Simply Hilarious. Svejk was for WWII soldiers what Catch-22 was for Vietnam soldiers.
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Guest More than 1 year ago
If you like literature - you will love this book. It's as simple as that. The humor is umimitable, the characters are not only vivid and memorable, but also very very real. They are still among us, and you will, in fact, recognize them as you read. The plot is very interesting, but it fades in comparison with the character of Shejk. He is unique, there is noone like him in literature. After reading the book he will become a friend to you, and his presence will never leave you afterwards. He is truly great. And just as a sidenote - this is a must-read for everyone who either wants to learn about Eastern European culture, or will go there anytime soon - that part of the world has not changed much since Shejk walked the earth.
Guest More than 1 year ago
Svejk is a haunting fellow, even weeks after `living¿ with him through his haunts in Czech Republic, I still think about his exploits. Many people must remember the American on the train or in the hostel laughing out loud while he read. Svejk clearly is not stupid, he plays the idiot automatically when it benefits him. He knows that the front line will not be good for him, but is loyal to his Lt up to suggesting that he take the punishment for his Lt.¿s hedonistic tendencies. One thing that bothered me is the coincidence of the story about the editor that made up animals for his periodicals. This is eerily similar to Samuel Clemens¿ short story about editing a country journal. The story does get long in parts, rehashing times in the ¿gaol¿ or his ¿guzzling¿ fellow soldiers. I think Heller must¿ve drawn `inspiration¿ from Hasek, so perhaps it¿s simply being passed on¿ The Army has not changed over 100 years and a continent away. Nobody knows what¿s going on and if you have some power¿ The portrayal of war is equivalent to Remarque¿s All Quiet on the Western Front, but seemingly forgotten today. The history of Hasek face to face with this writing was constantly in mind as I read.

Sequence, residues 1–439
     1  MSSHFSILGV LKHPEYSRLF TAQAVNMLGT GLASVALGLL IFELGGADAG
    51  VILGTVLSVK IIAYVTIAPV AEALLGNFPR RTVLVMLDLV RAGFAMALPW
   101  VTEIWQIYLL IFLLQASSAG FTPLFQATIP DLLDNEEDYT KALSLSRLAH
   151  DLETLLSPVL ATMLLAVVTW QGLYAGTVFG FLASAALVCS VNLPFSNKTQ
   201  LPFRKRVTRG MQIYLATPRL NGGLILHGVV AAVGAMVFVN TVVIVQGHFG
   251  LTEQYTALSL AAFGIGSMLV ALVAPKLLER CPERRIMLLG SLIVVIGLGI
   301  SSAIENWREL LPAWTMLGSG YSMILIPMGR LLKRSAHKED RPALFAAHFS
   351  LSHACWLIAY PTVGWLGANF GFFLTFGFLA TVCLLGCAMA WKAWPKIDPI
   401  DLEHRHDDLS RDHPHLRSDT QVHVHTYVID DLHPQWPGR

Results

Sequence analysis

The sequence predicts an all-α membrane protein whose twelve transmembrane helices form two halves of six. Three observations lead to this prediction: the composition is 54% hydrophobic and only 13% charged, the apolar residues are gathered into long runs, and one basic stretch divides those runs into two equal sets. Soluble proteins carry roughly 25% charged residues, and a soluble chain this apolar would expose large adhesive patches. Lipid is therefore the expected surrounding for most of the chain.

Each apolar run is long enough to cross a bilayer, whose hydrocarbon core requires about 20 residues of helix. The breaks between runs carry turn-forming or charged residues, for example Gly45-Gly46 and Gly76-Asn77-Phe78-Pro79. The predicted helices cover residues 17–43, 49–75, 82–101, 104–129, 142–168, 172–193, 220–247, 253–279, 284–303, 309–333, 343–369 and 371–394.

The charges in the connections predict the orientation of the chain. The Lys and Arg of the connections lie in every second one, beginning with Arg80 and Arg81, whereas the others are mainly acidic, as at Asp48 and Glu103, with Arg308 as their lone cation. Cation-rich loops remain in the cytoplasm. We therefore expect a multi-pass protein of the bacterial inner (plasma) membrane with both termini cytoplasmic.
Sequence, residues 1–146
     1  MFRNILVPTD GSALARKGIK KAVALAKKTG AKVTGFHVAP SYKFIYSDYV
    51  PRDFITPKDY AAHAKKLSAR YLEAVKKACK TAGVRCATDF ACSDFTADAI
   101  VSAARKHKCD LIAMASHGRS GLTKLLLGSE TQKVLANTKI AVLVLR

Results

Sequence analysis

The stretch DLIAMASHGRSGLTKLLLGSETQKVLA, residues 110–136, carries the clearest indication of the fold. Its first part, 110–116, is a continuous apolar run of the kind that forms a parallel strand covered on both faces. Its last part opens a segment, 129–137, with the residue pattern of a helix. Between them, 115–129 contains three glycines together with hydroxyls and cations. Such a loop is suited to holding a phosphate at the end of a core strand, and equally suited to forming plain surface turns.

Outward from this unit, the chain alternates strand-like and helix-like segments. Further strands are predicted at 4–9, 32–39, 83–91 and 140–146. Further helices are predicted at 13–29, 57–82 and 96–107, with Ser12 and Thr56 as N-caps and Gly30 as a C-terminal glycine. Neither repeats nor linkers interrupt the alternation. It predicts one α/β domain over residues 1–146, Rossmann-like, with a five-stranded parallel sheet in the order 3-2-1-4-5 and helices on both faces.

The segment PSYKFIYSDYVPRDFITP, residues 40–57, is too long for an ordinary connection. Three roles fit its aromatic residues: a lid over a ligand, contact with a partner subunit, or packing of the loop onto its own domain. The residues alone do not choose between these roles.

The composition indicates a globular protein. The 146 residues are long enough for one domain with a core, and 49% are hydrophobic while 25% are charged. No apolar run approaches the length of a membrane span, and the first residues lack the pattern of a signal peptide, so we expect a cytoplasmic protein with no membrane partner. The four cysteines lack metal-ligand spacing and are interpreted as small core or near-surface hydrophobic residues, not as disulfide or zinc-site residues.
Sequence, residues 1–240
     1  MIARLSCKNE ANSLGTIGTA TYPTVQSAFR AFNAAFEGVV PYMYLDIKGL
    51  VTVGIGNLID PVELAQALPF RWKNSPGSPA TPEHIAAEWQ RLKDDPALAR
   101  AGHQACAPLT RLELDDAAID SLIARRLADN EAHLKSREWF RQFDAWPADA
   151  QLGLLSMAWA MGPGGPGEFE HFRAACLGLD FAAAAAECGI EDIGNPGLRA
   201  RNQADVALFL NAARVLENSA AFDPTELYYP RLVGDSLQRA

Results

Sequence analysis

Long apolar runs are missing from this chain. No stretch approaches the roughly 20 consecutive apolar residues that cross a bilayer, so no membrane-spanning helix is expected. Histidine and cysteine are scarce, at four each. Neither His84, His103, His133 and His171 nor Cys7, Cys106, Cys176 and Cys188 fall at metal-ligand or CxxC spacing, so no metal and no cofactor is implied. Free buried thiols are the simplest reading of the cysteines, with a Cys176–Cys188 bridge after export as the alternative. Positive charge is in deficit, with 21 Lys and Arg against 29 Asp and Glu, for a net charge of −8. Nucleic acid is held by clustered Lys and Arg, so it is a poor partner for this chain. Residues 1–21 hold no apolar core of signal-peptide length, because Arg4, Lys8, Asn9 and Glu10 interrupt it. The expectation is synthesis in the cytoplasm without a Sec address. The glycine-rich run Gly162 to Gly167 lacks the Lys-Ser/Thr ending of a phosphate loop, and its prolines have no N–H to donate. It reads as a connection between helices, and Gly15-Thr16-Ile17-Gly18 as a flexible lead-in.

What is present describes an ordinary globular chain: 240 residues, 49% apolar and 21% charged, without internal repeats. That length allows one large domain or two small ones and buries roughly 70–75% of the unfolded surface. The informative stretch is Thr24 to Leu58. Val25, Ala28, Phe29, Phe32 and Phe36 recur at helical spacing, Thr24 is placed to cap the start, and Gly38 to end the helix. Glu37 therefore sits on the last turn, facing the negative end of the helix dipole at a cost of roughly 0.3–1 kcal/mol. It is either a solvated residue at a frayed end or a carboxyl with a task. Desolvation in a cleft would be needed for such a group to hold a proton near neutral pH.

Guest More than 1 year ago
This is a wonderfully satiric book that I've read 5 times. It pokes fun not only at the martial mentality, but also empires and petty officials and most other people as well. Hasek fits more anecdotal stories into this than any other book I've read. Also, if you enjoy Eastern European culture: food and drink and liquor, you'll love this novel. Svejk would be a wonderful guest any time you're at a pub or a party.